Right now we seem to be just in front of the surging wave that’s about to hit. I’ve been in touch with missionaries/pastors from Ukraine who are trying to find accommodation for their church members. Just that demographic alone is HUGE. We are connected with churches in Vienna.
At this moment I am going back and forth as the contact person between the different groups seeking to prepare for helping the most people we can. Right now Matthew 25:35-40 is becoming very real and yet also daunting. I’m praying the church can rise to the challenge, myself included.
By midnight on March 6, 261,445 Ukrainian citizens had entered Romania according to border police. Of these, 182,312 have already left the country en route to places further west.
“Anyone over the age of 50 seems especially troubled by what is happening in Ukraine (although everyone is upset and outraged, as we see worldwide). I was talking to our 80+-year-old landlady last night and she told me how the media images brought back memories of WWII when she was a young child and saw a river clogged with bodies in a nearby village. It was so sad to see this old woman who has lived through WWII and the communist years here in Romania so frightened by what is happening over the border. “We must pray,” she said repeatedly – so please keep doing so, dear friends.”
“Reality is setting in. You can see the shock and sadness on the faces of the refugees. One woman tried to happily tell me ‘normal things’ about her brothers back in Ukraine but couldn’t finish as the tears overcame her. Some who used to talk about going back in a few days or weeks are now asking about jobs and long-term housing.”
Update from the field (3/7/22)
“Local believers connected to Serge are housing hundreds of people through a network of hostels. They are operating at cost, so people are collecting money to help them keep the lights on and the building running. They are the best first place for people to arrive since they are very good at getting people fed and in beds. About $22 per person covers the cost of food and basic supplies.
We also just started letting a Russian-speaking church here, pastored by a man from Ukraine, use our kid’s rooms Monday-Friday, for refugee moms to leave their kids for childcare while they run errands and file paperwork.
Churches in Prague are…
- working with a Christian nonprofit to welcome and help refugees settle in Prague, including accessing government services
- preparing and outfitting several flats in a building that’s been designated to house refugees for at least a year
- collecting and delivering donations of food and toiletries
- providing housing for groups for whom the hostels aren’t a good option, e.g. those with elderly people or young children.
Current estimates are that 100,000 refugees have entered the Czech Republic since the beginning of the invasion. The government estimates that around 12,000 are in Prague.
“Two Ukrainian families stayed with us over the weekend. We were one stop on their way from Odessa to Berlin, where they have family. “
“Our guests had been driving for four days with the 3 kids, 2 cats, and a Corgi puppy. They had stopped in Moldova, Romania, and Hungary. Both dads are in the military, and all boys seemed very happy to have a dad and two older brothers at our house to roughhouse with. The kids came out of the car talking a mile a minute. Unfortunately Russian (more widely spoken in their area) is not very much like Czech or English. Fortunately, we have a lot of Lego and Nerf guns at our house, and those, as it turns out, transcend culture.”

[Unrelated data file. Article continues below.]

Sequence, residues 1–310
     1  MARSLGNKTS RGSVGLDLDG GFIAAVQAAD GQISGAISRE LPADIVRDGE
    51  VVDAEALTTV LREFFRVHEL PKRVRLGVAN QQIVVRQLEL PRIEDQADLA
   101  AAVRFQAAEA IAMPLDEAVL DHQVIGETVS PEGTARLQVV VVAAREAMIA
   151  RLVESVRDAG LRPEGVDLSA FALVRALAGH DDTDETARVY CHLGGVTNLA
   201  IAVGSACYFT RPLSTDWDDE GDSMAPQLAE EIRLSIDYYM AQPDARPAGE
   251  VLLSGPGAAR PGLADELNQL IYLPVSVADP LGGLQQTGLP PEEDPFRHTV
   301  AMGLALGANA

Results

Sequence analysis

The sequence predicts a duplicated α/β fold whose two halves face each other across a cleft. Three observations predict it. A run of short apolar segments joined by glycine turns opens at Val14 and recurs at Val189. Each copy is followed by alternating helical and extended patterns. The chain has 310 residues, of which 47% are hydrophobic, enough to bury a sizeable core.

“Our guests were nothing like the mental picture many Westerners get when we hear the word “refugee.” They arrived in their own car, communicated with us over WhatsApp and Google Translate, and had everything they needed except a place to sleep. They asked us to make an appointment with a doctor to investigate a mild cough. (Serge’s Dr. Joel Hylton stepped in!) The moms were tired. The kids missed their daddies.”
“Our 12-year-old was able to verbalize this, and understood the implication: “They don’t seem like people running from a war. ‘They seem… like us. But all the people in places we imagine there being war—those people are like us, too’.”
“Obviously my hope in this crisis is that many people will experience God’s kindness and mercy through the hands of his people. But I also hope that for my kids, for myself, and for all of us, helping during this season will strip away some of our prejudices, some of our comforts, some of our assumptions. I hope we will emerge more eager to reach out at all times to serve those created in God’s image.”
Update from the field (3/4/22)
“Our family welcomed a family of four last night into our home – a grandmother, mom, and her two little kids. They were completely exhausted when they arrived, having been delayed at the border for days, and so we’re not exactly sure of their situation or who they left behind.
It’s amazing to see the resilience and patience of these refugees, and we are so grateful to be able to simply offer a bed or a warm meal.”
The Czech Foreign Ministry estimates about 30,000 Ukrainians have come through its borders with about 5,000 more coming each day. The government has declared a state of emergency to help deal with the refugees coming in.
Faith Community Church, where Serge missionaries serve, organized hot meals at an area hostel for refugees who arrived last week. The volunteer “Lasagna Team” is planning regular visits.
Update from the field (3/2/22)
Ukrainian flags are everywhere right now — private homes, government buildings, and even on the trams. Our two hostels (with 150 beds) are packed with refugees now but can still take more. We are mostly seeing women and children who left behind their husbands and fathers to fight. We are only 800 miles from the Ukrainian border, and many Ukrainians have family here. Some refugees have already come and gone on their way to other places.
Give to those providing direct relief for Ukrainian refugees in crisis:
There is a humanitarian crisis with an anticipated 4 million refugees. Ukrainians are fleeing violence and thousands of Russians trying to leave their country. Serge missionaries in neighboring countries have partnered with churches and small local relief organizations to provide shelter, food, and basic life necessities. Click here to give direct relief and practically demonstrate the love of Christ.